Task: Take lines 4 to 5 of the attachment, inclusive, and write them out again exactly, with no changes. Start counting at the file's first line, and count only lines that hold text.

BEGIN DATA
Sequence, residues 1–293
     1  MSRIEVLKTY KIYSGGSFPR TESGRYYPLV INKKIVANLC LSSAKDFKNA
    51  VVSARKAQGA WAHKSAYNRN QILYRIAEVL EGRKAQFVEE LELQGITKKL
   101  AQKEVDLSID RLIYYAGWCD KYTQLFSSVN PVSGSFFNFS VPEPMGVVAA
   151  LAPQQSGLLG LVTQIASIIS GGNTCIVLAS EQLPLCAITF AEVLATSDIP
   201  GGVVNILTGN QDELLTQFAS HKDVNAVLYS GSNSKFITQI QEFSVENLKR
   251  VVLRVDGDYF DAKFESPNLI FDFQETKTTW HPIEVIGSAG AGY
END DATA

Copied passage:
   101  AQKEVDLSID RLIYYAGWCD KYTQLFSSVN PVSGSFFNFS VPEPMGVVAA
   151  LAPQQSGLLG LVTQIASIIS GGNTCIVLAS EQLPLCAITF AEVLATSDIP